Where we part ways is that you sincerely believe that the Constitution actually protects life generically, provides a right-to-life. Presumably this means that the current law of the land, with judicial activism and all, is subverting the REAL Constitution, which is a good thing.

I think the Constitution is a piece of old parchment. A political deal struck a long time ago, by men living in their times facing the specific issues of their times. I don't think that there is extraordinary wisdom incorporated in the document, I don't think that it ever was very protective of human rights. To the extent that it works, it works because from generation to generations Americans have been largely common-sensical and done what they thought they needed to do, stretching and contracting the vague and imprecise language of the Constitution itself to basically authorize whatever they wanted authorized and reject whatever they wanted to reject. I think the real glue that held the country together was not this old and inadequate and vague political deal, this Constitution, but rather, the fact that everybody shared just about the same moral code due to universal Christianity. Once Christianity ceased to be quasi-universal, national unity ended. Thus, today, there is less unity between Americans of the same race and social class on moral issues than there was between white plantation owners and freed former slaves, who were both believing Protestant Christians!

Christianity is gone as a glue. A full quarter, at least, of the population are not Christian at all, in anything but the most nominal sense. Another quarter are nominal Christians who do not feel constrained by the old moral teachings of the Church. Half the population, perhaps, are actual believing Christians, but half the population is only enough to make a good faction, not enough to settle rules. So today, we settle everything through law, because law and government are the only things left that have any real enforcement power, the fear of God being largely gone.

And now that ALL of the weight of decision and orderly society falls on the law and the Constitution, we are discovering just how inadequate, patchy, weak, vague and unsatisfactory our Constitution and Common Law system really are. It worked back in the day when the real glue holding everyone together was a commonly believed moral rule set providing the rules by which people lived, with the courts merely adjudicating disputes. Today, government and law are all we have to impose a common rule set. And the Constitution we have is utterly inadequate for that task. Unfortunately, it worked so long (BECAUSE it was Christianity that was working) that folks have a superstitious reverence for it's "Wisdom" and "Foresight".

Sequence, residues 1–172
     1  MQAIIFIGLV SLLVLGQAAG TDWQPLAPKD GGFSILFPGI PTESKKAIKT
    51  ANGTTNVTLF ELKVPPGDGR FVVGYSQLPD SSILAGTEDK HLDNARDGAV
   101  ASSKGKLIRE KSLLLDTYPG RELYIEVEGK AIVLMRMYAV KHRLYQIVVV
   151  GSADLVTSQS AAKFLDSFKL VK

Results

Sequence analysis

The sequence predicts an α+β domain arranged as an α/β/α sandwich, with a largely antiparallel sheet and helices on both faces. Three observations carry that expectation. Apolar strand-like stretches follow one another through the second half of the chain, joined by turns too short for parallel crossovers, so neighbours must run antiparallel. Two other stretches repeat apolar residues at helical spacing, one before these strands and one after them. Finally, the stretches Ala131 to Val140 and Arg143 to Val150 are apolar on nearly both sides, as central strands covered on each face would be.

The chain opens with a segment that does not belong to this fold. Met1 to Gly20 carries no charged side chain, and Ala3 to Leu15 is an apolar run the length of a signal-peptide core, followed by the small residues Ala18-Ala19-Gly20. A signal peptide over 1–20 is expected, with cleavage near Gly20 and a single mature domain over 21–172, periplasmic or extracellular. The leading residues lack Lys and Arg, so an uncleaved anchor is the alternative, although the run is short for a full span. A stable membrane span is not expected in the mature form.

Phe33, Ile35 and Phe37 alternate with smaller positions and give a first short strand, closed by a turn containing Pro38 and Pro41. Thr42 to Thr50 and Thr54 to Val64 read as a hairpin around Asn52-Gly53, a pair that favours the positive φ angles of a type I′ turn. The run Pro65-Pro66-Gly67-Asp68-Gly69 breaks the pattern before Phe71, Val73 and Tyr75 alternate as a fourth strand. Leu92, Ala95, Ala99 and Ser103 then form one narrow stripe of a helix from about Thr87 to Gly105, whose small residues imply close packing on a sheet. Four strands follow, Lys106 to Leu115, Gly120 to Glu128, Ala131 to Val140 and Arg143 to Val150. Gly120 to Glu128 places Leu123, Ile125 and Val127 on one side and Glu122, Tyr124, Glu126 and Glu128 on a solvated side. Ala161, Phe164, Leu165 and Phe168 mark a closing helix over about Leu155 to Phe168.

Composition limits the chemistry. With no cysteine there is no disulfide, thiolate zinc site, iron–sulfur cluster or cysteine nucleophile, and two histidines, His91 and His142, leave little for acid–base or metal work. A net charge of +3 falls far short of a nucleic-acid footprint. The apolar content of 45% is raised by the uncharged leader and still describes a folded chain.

In truth people should be praising the moral power of Christianity to have held society together so well WITHOUT a clear political or legal code.

Anyway, that's where we end up fighting. You think the Constitution has embedded into it the rights and powers and protections we all want. It is clear to me that not only doesn't it, but that the system we have IS the Constitution brought to life. The Constitution is a weak and messy muddle. The terms themselves aren't defined. Ergo, they MEAN whatever officials can get them to mean and still be obeyed.

So, turning to this which you wrote:
"Actually the right to life is 'in there' several times. Each time it is modified by the phrase 'due process of law'. And whatever 'due process of law' is, unborn babies sure the hell ain't getting it."

I answer, respectfully but firmly, that there is no "Right to life" in the Constitution, and that "Due process of law" never meant anything other than the customs of the court and government. So, unborn babies ARE getting "due process of law" under the American system. Why? HOW? Because "due process of law" doesn't MEAN anything other than what the court system says it does. Morally, it SHOULD mean that babies can't be killed in utero, but that's a moral and political judgment. It's not in the Constitution. The Constitution isn't a Christian document. It's a political deal. When the people operating under the deal cease to be Christians, then the rules of the deal mean whatever the new people do under the institutions which remain.

So, let's look at the actual language of the two amendments, reproduced here. You will see that "due process of law" isn't defined. And you'll see that the only "life" protected is the life of a CRIMINAL accused of a CAPITAL CRIME. That's it. That's all. Nothing else is mentioned. To the extent that there is any further rights that come from this language, it's because judges have made the law through cases. The Constitution simply provides a framework, Judges and Congress actually give the words whatever meaning they have.


Amendment V
No person shall be held to answer for a capital, or otherwise infamous crime, unless on a presentment or indictment of a Grand Jury, except in cases arising in the land or naval forces, or in the Militia, when in actual service in time of War or public danger; nor shall any person be subject for the same offence to be twice put in jeopardy of life or limb; nor shall be compelled in any criminal case to be a witness against himself, nor be deprived of life, liberty, or property, without due process of law; nor shall private property be taken for public use, without just compensation.

Amendment XIV.